Promega BioSciences

San Luis Obispo, CA, United States

Promega BioSciences

San Luis Obispo, CA, United States
SEARCH FILTERS
Time filter
Source Type

Roncoroni C.,Top Transgenic Operative Products Srl | Rizzi N.,Top Transgenic Operative Products Srl | Brunialti E.,Top Transgenic Operative Products Srl | Cali J.J.,Promega Corporation | And 3 more authors.
Pharmacological Research | Year: 2012

Detailed knowledge of drug metabolism is relevant information provided by preclinical drug development research. Oxidative enzymes such as those belonging to P450 family of cytochromes (CYP) play a prominent role in drug metabolism. Here, we propose an innovative method based on bioluminescence in vivo imaging which has the potential to simplify the in vivo measurement of CYP activity also providing a dynamic measure of the effects of a drug on a specific P450 enzyme complex in a living mouse. The method is based on a pro-luciferin which can be converted into the active luciferase substrate by a specific P450 activity. The pro-luciferin is administered to a luciferase reporter mouse which produces luminescent signals in relation to the cytochrome activity present in each tissue. The photon emission generated can be easily localized and quantified by optical imaging. To demonstrate the validity of the system, we pharmacologically induced hepatic Cyp3a in the reporter mouse and proved that pro-luciferin administration generates a Cyp3a selective signal in the chest area that can be efficiently detected by optical imaging. The kind of tool generated has the potential to be exploited for the study of additional CYPs. © 2012 Elsevier Ltd. All rights reserved.


Cali J.J.,Promega Corporation | Ma D.,Promega Corporation | Wood M.G.,Promega Corporation | Meisenheimer P.L.,Promega Biosciences | Klaubert D.H.,Promega Biosciences
Expert Opinion on Drug Metabolism and Toxicology | Year: 2012

Introduction: The cytochrome P450s (CYPs) are central to ADME studies because of their central role in drug metabolism. Proper CYP assay design and a correct understanding of CYP assay selectivity are critical for generating and interpreting biologically relevant data during drug development. Bioluminescent CYP assays use luminogenic probe substrates that have the unique property of producing photons in a second reaction with luciferase. Areas covered: This article presents the general design principles for in vitro CYP assays. Specifically, the article focuses on the bioluminescent approach that couples CYP activity with photon production. Expert opinion: Highly selective luminogenic substrates for CYP1A1, CYP1A2, CYP2C9, CYP3A4, CYP3A7, CYP4A and CYP4F have been developed with utility for interrogating the roles of these enzymes in biochemical and cell-based formats. These selective substrates are part of a larger collection of probes that deliver CYP inhibition and induction data that predict in vivo drug interactions. Furthermore, they support highly sensitive, rapid and scalable assays for cell-based and cell-free biochemical applications, which offer an alternative and often enabling option over conventional assay strategies. © 2012 Informa UK, Ltd.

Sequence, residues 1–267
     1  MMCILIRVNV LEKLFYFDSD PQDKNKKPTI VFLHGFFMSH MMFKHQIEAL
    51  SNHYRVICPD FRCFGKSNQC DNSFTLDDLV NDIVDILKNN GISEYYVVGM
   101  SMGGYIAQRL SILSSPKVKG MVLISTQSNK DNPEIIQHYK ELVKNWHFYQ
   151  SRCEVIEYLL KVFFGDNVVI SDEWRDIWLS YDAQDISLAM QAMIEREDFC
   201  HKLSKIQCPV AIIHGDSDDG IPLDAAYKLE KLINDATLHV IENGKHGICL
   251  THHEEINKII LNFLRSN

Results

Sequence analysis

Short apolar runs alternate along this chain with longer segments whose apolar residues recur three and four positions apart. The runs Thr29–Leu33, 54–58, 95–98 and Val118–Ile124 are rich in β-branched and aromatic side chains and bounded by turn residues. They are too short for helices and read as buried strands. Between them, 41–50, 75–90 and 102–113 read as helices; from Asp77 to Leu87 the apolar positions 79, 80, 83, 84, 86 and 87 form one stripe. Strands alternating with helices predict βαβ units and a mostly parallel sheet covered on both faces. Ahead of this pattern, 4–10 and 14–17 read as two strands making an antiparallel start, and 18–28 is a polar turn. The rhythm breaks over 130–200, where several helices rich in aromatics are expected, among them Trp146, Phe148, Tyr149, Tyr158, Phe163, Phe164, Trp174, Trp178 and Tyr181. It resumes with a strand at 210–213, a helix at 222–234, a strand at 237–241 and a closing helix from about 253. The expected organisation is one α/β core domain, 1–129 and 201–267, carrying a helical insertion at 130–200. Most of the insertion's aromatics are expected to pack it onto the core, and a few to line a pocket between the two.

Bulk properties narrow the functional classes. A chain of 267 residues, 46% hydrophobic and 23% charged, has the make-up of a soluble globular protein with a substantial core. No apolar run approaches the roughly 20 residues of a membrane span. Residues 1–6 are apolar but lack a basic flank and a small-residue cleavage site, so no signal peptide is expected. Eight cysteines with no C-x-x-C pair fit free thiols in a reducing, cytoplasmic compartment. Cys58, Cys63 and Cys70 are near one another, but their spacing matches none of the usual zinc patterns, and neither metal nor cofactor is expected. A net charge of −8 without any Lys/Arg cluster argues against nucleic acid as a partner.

Duellman S.J.,Promega Corporation | Valley M.P.,Promega Corporation | Kotraiah V.,Exonhit Inc. | Vidugiriene J.,Promega Corporation | And 6 more authors.
Analytical Biochemistry | Year: 2013

The aldehyde dehydrogenase (ALDH) family of enzymes is critical for cell survival and adaptation to cellular and environmental stress. These enzymes are of interest as therapeutic targets and as biomarkers of stem cells. This article describes a novel, homogeneous bioluminescence assay to study the activity of the ALDH enzymes. The assay is based on a proluciferin-aldehyde substrate that is recognized and utilized by multiple ALDH enzyme isoforms to generate luciferin. A detection reagent is added to inactivate ALDH and generate light from the luciferin product. The luminescent signal is dependent on the ALDH enzyme concentration and the incubation time in the ALDH reaction; moreover, the luminescent signal generated with the detection reagent is stable for greater than 2 h. This assay provides many advantages over standard NADH fluorescence assays. It is more sensitive and the signal stability provided allows convenient assay setup in batch mode-based high-throughput screens. The assay also shows an accurate pharmacological response for a common ALDH inhibitor and is robust, with a large assay window (S/B = 64) and Z′ = 0.75. © 2012 Elsevier Inc. All rights reserved.